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GM China sales fall 3.9% in September

Melissa Burden
The Detroit News

General Motors Co. said Monday that sales for the automaker and its joint ventures fell 3.9 percent in September in China to 295,236 vehicles.

The carmaker’s retail sales through the first nine months of the year in China are up 1.6 percent to a record 2.49 million vehicles. GM said demand for SUVs, multi-purpose vehicles and luxury vehicles helped to offset a slowdown in the Chinese sales market.

Sales also were up 18.7 percent when compared to August.

“GM’s product mix has been improving with recently launched models. This has helped us meet consumers’ evolving and diversifying needs,” GM China President Matt Tsien said in a statement. “We anticipate growth in the SUV, MPV and luxury segments representing about 80 percent of overall growth in the market over the next several years. GM is well-positioned to participate in this growth.”

GM said Cadillac brand sales jumped 14.7 percent last month from September 2014. The automaker did not break out other brand sales for September in its news release.

Through the first nine months this year, GM said Buick sales are up 4 percent year-over-year to a record 669,568 vehicles and Baojun sales soared 235.5 percent to a record 270,488 vehicles. Chevy sales are down 9 percent to 442,277 vehicles in the first nine months this year compared to 2014, and Wuling brand sales also are down 8.7 percent to 1.05 million sales.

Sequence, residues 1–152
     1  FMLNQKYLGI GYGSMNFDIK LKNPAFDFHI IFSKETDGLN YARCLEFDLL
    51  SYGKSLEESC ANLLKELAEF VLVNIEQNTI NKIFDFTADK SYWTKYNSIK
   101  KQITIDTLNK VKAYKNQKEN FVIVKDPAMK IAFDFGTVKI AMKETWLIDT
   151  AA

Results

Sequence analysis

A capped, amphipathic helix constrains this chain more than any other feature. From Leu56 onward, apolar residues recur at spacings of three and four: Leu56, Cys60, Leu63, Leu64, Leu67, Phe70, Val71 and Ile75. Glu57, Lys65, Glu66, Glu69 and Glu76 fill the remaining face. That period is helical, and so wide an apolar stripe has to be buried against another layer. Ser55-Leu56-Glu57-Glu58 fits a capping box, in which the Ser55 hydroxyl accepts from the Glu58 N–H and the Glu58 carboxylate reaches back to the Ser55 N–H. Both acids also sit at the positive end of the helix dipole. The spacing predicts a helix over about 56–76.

Earlier this month, GM executives say they remain optimistic about China, which is the company’s largest sales market.

The company predicts industry growth will range from 3 percent to 5 percent through 2020. GM plans to introduce 26 new or refreshed vehicles in China by the end of the decade; 10 will be alternative propulsion vehicles.

Sales also could get a boost in the final quarter of the year thanks to the Chinese government trimming taxes on vehicle purchases. GM has 30 vehicles that are eligible for a 50 percent vehicle purchase tax cut through the end of the year. The government also is trimming a tax levied on new vehicles and light vans with certain engines.

mburden@detroitnews.com

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